If you are a parent, you’ll need to have a comprehensive estate plan both in place and updated at all times. This can seem like a daunting task, especially because you likely have dozens and dozens of tasks on your to-do list at present already. However, the stakes are too high to justify not making proactive estate planning a priority. In the event that you pass away or become incapacitated by injury or illness without an estate plan in place, your children could be burdened with unimaginable stresses and even denied the kind of care that you desire for them.
As busy as you almost certainly are, it is time to prioritize scheduling some time with a local, reputable estate planning lawyer to discuss your legal needs.
Estate Planning Documents: What You’ll Need
As an experienced estate planning lawyer – including those who practice at Yee Law Group, PC – can discuss with you during a risk-free consultation, estate planning involves the execution of several key documents. Not so long ago, most Americans simply prepared a will and considered their estate planning process complete. However, this is no longer the case. If you’re a parent, you’ll need a minimum of three documents in place to cover your most critical estate planning bases—four, if your children are minors.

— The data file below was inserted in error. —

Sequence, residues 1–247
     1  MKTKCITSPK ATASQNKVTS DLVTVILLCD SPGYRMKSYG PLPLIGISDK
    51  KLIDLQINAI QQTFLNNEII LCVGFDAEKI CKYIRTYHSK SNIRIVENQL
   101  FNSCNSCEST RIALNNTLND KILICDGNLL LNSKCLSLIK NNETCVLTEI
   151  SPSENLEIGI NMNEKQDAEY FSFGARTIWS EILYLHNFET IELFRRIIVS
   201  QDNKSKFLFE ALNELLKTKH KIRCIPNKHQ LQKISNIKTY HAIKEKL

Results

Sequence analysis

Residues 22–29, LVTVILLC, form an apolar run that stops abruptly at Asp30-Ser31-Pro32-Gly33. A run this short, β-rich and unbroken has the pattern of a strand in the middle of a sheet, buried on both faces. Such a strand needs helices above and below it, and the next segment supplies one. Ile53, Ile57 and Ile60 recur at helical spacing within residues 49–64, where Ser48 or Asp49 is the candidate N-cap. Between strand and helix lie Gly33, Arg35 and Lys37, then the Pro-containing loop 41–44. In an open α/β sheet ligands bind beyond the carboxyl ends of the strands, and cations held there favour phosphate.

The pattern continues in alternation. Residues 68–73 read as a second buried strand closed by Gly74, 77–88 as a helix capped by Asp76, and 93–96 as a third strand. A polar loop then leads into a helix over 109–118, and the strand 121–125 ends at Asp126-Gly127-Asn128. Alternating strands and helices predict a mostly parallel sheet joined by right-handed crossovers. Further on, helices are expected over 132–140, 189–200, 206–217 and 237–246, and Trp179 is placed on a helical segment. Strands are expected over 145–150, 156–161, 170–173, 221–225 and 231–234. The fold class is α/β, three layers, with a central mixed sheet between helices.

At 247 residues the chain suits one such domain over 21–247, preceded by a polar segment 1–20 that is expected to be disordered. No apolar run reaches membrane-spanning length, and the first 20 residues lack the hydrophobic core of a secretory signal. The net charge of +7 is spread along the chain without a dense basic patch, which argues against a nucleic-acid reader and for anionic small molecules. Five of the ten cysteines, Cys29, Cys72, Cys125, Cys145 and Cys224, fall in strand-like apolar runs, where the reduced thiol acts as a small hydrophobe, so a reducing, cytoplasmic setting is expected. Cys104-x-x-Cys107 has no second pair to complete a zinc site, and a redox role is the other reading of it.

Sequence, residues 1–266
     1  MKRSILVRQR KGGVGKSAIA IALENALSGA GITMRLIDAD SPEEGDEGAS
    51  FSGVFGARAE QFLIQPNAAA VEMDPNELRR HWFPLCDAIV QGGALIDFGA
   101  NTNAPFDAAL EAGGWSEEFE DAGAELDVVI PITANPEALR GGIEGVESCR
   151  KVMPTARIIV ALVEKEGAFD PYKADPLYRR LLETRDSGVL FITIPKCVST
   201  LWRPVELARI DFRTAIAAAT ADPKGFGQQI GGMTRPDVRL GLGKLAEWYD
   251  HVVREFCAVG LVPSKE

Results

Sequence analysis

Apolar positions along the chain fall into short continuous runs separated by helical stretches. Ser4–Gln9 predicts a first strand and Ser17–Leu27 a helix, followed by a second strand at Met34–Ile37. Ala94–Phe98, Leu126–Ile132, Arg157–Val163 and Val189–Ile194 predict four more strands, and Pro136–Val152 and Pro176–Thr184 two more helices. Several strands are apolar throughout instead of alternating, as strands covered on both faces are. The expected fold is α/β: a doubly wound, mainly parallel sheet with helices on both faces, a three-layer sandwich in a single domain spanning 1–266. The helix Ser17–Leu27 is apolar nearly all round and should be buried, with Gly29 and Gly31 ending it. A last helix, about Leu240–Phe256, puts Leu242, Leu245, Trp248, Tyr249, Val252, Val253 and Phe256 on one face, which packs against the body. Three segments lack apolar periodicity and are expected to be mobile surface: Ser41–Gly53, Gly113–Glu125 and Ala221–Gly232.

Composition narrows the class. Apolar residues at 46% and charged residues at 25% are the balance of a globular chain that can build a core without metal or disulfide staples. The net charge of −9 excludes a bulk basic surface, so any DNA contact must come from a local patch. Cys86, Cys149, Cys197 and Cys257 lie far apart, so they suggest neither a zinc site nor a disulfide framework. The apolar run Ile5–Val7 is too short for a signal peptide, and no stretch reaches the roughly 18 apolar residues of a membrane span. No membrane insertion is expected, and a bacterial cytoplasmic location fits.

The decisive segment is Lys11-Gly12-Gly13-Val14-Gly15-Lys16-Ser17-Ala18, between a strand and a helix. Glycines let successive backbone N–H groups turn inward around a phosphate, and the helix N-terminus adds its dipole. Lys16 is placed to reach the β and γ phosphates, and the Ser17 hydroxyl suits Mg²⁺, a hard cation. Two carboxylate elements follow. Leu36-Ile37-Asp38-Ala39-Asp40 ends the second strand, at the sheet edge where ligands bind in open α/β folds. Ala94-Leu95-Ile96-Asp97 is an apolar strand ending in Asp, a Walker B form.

- A will or living trust – This document will address how your assets will be distributed upon your death, who will have access to your digital accounts and assets, and how funds directed at your minor children should be handled
- An advance healthcare directive
- Power of attorney designation
- Guardianship designation – If you don’t designate a guardian for your children, the courts will designate one per state regulations, so this is arguably the most important estate planning effort you’ll make if your children are minors
Why DIY Estate Planning Isn’t a Good Idea
If you’re tempted to save some money by crafting your estate plan via free templates that you’ve found online, it is a good idea to resist that temptation. Again, the stakes of your estate plan are simply too high to risk making a mistake that would lead a court to render your wishes unenforceable. You’ll want to work with an attorney to establish your estate plan and then ask them how you can go about easily making sure that it remains current as your life circumstances, needs, and preferences evolve.